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Review: ‘The Book of Why’ Examines the Science of Cause and Effect

Everyone knows that the cock’s crowing at dawn does not “cause” the sun to rise. Conversely, we have equal confidence “that flipping a switch will cause a light to turn on or off and that a sultry summer afternoon will cause sales to go up at the local ice cream parlor.” Such intuitions are integral to countless practical and moral judgments that fill our daily lives. And yet, as Prof. Judea Pearl and the science writer Dana Mackenzie note in their illuminating new work, “The Book of Why: The New Science of Cause and Effect,” scientists and statisticians lacked a common language until recently to distinguish between these very different kinds of observation. Indeed, within academia, “causal vocabulary was virtually prohibited for more than half a century.”

The subject of causation has preoccupied philosophers at least since Aristotle. Professor Pearl has deftly used the arc of his own career — first at RCA Laboratories and for the last 50 years at the University of California, Los Angeles (initially in the engineering department and since 1970 in computer science) — to chart the recent history of the subject.

This period broadly coincides with what Professor Pearl terms “the causal revolution.” Three ascending rungs of what he calls the “ladder of causation” serve as the central metaphor driving the narrative of “The Book of Why.” The “revolution” charted in the book, and in which Professor Pearl and his disciples played a crucial role, is what has allowed researchers across a vast range of disciplines to move beyond the first rung of the causal ladder, where they had been perennially stuck.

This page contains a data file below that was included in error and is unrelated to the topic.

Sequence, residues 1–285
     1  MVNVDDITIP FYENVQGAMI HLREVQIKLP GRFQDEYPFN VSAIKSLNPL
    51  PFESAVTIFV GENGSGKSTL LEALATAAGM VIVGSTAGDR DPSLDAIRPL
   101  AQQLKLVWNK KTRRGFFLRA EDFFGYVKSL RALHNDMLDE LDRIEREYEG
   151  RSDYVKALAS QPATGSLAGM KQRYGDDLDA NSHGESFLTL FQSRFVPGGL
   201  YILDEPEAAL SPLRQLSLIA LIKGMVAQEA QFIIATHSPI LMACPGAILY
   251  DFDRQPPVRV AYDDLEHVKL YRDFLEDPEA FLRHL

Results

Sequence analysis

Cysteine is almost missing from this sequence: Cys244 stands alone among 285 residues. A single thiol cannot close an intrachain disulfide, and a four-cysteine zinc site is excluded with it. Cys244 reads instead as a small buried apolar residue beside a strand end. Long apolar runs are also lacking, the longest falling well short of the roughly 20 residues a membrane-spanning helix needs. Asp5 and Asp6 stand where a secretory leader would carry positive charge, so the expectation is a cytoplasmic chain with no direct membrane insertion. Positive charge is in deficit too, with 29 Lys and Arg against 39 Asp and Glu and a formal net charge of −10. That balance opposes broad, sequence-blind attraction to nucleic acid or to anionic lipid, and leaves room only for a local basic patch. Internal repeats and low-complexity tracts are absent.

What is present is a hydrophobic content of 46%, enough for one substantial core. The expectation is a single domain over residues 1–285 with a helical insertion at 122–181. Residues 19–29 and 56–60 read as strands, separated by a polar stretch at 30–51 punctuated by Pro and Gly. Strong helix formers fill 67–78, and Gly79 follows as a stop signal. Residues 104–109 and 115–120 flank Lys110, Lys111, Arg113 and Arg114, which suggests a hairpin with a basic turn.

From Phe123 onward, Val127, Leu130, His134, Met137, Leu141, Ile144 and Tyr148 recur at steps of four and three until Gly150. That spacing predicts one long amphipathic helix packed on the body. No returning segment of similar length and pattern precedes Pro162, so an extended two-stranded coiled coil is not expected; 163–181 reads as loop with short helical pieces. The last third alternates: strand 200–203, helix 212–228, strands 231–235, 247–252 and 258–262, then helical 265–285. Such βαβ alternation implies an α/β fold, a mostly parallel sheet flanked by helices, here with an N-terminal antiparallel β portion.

This lowest rung deal simply with observation — basically looking for regularities in past behavior. Professor Pearl places “present-day learning machines squarely on rung one.” While it is true that the explosion of computing power and accessible deep data sets have yielded many surprising and important results, the mechanics still operate “in much the same way that a statistician tries to fit a line to a collection of points.”

“Deep neural networks have added many layers of complexity of the fitted function, but raw data still drives the fitting process,” according to Professor Pearl. The causal revolution is what has enabled researchers to explore the higher rungs of the ladder.

Despite this well-considered skepticism, Professor Pearl is remarkably optimistic about what artificial intelligence can achieve and even whether we can make machines that are capable of distinguishing good and evil. Regardless of whether one agrees with these provocative conclusions, we can all hope that in any counterfactual world in which that is the case, programmers with the humanity of Professor Pearl will be in charge.

The original article can be found here.

Professor Pearl’s book was highly acclaimed with the praise by Dr. Vint Cerf, Chief Internet Evangelist at Google Inc. and World Leader in AI World Society (AIWS) award, “Pearl’s accomplishments over the last 30 years have provided the theoretical basis for progress in artificial intelligence… and they have redefined the term ‘thinking machine.'” In 2011, Professor Pearl also received the Turing award from Association for Computing Machinery (ACM), which is the highest distinction in computer science, “for fundamental contributions to artificial intelligence through the development of a calculus for probabilistic and causal reasoning”. His work will contribute to AI transparency, which is one of important AIWS topics to identify, publish and promote principles for the virtuous application of AI in different domains including healthcare, education, transportation, national security, and other areas. On March 19, Governor Michael Dukakis, Chairman of Michael Dukakis Institute (MDI), Co-founder of the AIWS Innovation (AIWS.net) announced that MDI honors Professor Judea Pearl with the World Leader in AIWS 2020 Award.